Invasion by Seaweed

One moment, the beaches were clear, sandy and beautiful, the next, they were flooded with brown salty smelling seaweed. Within one day, all sun bathing, castle building and beach splashing ceased.  For a tourism town, this invasion was an unwelcome interruption though not unexpected.

Annually or bi-annually, sargassum seaweed flushes towards the coastline, flooding bights, beaches and bays, filling each with meters deep brown floating seaweed. Once beached these slime nets turn smelly, and become an inconvenient nuisance for beach swimmers, snorkelers and boat engines. For everything (marine life) and everyone else (divers), these floating islands are a dream.

a pile of leaves
Fronds, are sacs filled with gas that float the marine plant to the ocean surface to increase sunlight exposure

Sargassum Seaweed is a marine plant with gas sacs [fronds], floating the plant to the surface, ultimately increasing sunlight exposure [photosynthesis]. The plants are often found in huge tangled mats drifting across the ocean, though with a changing current or moving storms, these tangled messes will invade shores.  When they are blown atop a reef, they add miscellany and diversity, due to the countless juvenile fish and crustaceans that hitch a lift and use these golden floating islands as a food source, nursery and resting haven. Turtles are often found supported amongst the tangle, while eels, shrimp and other reef fish hide and spawn below the surface.  When the seaweed eventually loses its buoyancy, it sinks to the seafloor, providing energy and completing a feedback cycle in the form of carbon and food to the fish and invertebrates in the deep sea. Undeniably the seaweed has ecological importance and is currently recognized as an “Essential Fish Habitat”[1], by many marine conservation institutions.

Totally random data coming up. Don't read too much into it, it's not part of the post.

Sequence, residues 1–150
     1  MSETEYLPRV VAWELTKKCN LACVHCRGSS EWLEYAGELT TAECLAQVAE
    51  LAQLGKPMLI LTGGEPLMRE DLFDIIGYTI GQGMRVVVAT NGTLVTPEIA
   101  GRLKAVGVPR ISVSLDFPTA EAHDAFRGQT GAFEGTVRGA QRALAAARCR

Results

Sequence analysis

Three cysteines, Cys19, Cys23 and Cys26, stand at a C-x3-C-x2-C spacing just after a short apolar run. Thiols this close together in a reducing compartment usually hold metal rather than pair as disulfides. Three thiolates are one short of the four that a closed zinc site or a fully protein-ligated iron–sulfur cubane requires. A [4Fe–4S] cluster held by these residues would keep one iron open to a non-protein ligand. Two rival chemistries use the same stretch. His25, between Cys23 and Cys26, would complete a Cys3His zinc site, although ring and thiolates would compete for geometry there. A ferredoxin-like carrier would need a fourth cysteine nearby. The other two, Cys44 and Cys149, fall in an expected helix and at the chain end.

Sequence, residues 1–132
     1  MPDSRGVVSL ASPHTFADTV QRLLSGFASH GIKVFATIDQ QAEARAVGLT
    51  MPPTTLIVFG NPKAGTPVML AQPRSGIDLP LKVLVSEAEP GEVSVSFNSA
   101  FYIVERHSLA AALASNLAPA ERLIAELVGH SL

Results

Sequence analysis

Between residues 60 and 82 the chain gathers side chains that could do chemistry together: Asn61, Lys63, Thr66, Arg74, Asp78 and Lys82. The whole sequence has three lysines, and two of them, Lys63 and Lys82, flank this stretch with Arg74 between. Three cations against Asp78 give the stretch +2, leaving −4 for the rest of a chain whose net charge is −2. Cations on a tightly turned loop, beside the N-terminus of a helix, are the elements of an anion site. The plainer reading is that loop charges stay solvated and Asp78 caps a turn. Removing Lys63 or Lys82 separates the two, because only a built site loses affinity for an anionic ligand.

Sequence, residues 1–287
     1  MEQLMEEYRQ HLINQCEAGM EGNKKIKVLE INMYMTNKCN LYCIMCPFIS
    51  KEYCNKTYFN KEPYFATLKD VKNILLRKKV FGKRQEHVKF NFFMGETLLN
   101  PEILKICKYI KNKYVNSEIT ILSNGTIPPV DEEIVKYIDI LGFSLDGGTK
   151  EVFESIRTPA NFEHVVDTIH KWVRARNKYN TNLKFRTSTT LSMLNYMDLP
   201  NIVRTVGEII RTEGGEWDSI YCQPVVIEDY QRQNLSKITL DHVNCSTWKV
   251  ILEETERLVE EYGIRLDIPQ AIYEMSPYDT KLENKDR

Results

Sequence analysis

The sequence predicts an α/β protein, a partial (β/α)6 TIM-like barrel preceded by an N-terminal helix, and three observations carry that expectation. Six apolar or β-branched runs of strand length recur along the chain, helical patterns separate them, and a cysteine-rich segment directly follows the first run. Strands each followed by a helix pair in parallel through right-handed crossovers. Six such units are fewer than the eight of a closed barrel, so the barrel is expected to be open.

Once beached, crabs and insects go crazy for the sargassum, which in turn increases activity amongst shore birds. Even humans have capitalized on this natural event. The marine plant can be harvested to feed livestock, serve as biofuel and is additionally cultivated and cleaned for use as a herbal remedy in ancient Chinese medicine that aims to resolve “heat phlegm”[2].

The heat of discussion surrounding beached sargassum has escalated, as the frequency of these beached interruptions have recently increased.  The argument being made focuses around the algae blooms growing out of control.  Potential contributing factors of this bloom can be attributed to warmer temperatures, pesticide runoff, oil spills and other toxic waste donations. As is typical, the conversation comes back to human impact on the environment and the activities which influence environmental cycles, while humans are left to discuss, react and adapt to the fluctuations of nature and her own balancing techniques.

a person standing on top of a sandy beach
Resident Hero, Gay, raking mounds of sargassum a several years ago. Photo generously shared by Casey Pook via Facebook.

When sargassum invaded Half Moon Bay, locals gathered and coordinated to scoop and remove the meters deep seaweed from the beach, manually into wheelbarrows and dug sand holes. Even a couple boys from Coconut Tree were seen helping out and nursing their shovel blisters later that day. The beach is now clear, with all regular beach activities resumed. Though gone it is not forgotten. Using events like these, which interrupt the natural flow of day to day activities, is a great way to remain grounded and to reconnect to the natural processes that govern our ever evolving planet.

[1] Mumby, Peter J. “Stratifying herbivore fisheries by habitat to avoid ecosystem overfishing of coral reefs.” Fish and Fisheries 17.1 (2014): 266-78. Web.

[2] “Sargassum Seaweed (Hai Zao).” Chinese Herbs Healing. N.p., n.d. Web. 28 Mar. 2017.

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